Ninth Circuit Gives ACLU’s No Fly List Clients Their Day in Court
Last week, the Ninth Circuit Court of Appeals unanimously ruled that the ACLU’s lawsuit challenging the U.S. government’s secretive No Fly List should go forward. This decision is a true victory for our clients and all Americans.
More than two years ago, 15 U.S. citizens and permanent residents, including four military veterans, were denied boarding on planes. None of them know why this happened. And no government authority has ever given them an explanation or a fair chance to clear their names.
In June 2010, we filed a lawsuit on their behalf. It challenges both the placement of these Americans on the No Fly List and the government’s failure to afford them a fair redress process after depriving them of their right to travel. We sued the logical government agencies: the FBI and its subagency, the Terrorist Screening Center, which creates and controls the No Fly List. But, in May 2011, the district court in Portland dismissed the case for lack of jurisdiction, ruling that we should have sued the Transportation Security Administration, which administers the (woefully deficient) redress process for travelers denied boarding on planes. We appealed to the Ninth Circuit.
At the hearing, I argued that the district court decision was wrong because TSA doesn’t have the power to put people on, or take them off, the No Fly List—that’s the job of the FBI and TSC. (You can listen to the argument here.) I also argued that placing our clients on the No Fly List without providing them any opportunity to confront and rebut the “evidence” against them is unconstitutional.
As the ACLU previously blogged, the government attorney astonishingly refused to concede that federal courts even possess the authority to remove names from the No Fly List. Taken to its logical conclusion, the government’s position would mean that no court would be able to correct the wrongful placement of American citizens and permanent residents on the No Fly List even if these people got to court by jumping through all of the hoops that the government argued should be put in front of them. According to the government, all a person could do is file a complaint with the existing TSA redress process, and simply hope that some government official would correct a mistake or change her mind. This position is untenable, especially because we know that government watch lists are bloated and include the names of innocent people.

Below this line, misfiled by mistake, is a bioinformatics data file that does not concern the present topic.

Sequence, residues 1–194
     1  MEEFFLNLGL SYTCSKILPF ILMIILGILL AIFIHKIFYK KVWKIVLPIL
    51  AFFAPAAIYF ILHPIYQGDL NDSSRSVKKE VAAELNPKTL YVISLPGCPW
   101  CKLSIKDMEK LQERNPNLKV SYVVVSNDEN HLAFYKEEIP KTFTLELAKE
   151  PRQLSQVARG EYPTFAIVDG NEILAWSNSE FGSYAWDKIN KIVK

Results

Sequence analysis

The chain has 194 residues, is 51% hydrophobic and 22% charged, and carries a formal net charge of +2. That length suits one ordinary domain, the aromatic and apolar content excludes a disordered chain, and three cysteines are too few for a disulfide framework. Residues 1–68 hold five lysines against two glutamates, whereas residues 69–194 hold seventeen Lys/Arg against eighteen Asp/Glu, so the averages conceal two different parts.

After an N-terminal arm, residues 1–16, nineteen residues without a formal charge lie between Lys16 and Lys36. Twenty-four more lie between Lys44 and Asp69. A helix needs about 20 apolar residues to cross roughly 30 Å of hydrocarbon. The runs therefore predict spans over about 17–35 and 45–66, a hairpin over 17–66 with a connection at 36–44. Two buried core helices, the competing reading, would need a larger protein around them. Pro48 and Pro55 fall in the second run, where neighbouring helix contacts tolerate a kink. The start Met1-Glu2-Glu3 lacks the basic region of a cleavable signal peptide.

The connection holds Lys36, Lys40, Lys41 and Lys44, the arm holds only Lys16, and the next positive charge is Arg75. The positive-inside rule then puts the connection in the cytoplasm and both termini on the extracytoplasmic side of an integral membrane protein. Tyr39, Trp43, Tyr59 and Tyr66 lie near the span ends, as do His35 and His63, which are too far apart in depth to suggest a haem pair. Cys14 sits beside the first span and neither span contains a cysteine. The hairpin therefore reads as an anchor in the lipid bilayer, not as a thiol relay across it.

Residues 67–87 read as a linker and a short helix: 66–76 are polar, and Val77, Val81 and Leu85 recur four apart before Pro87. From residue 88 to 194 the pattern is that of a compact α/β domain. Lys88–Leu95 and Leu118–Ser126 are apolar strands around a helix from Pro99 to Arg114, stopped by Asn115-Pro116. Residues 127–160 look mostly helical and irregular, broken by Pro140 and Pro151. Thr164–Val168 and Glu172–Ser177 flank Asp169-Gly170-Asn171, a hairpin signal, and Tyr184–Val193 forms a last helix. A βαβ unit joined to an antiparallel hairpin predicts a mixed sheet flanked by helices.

Last week’s Ninth Circuit decision marked a first and important step towards putting a check on the government’s ability to blacklist its citizens without recourse.
The Ninth Circuit reversed the district court and permitted our lawsuit to go forward. It affirmed our position that the government had “concede[d] that TSC decides both whether travelers are placed on the List and whether they stay on it,” and found that it would be “futile” to order TSA to remove the plaintiffs names or give them a chance to clear their names from the No Fly List. It also recognized that the government failed to provide a good answer to a question of tremendous importance to our clients and all Americans:
At oral argument, the government was stymied by what we considered a relatively straightforward question: what should United States citizens and legal permanent residents do if they believe they have been wrongly included on the No-Fly List?
The Ninth Circuit reached the right answer: federal district courts can adjudicate citizens’ and permanent residents’ challenges to their placement on the No Fly List and their demand for a fair redress process.
This decision means that a court will finally consider our clients’ claims that a secret government watch list that denies Americans the ability to fly without giving them an explanation or fair chance to clear their names violates the Constitution. Our clients—and all Americans—are waiting for an answer to that question. We’ll keep you posted.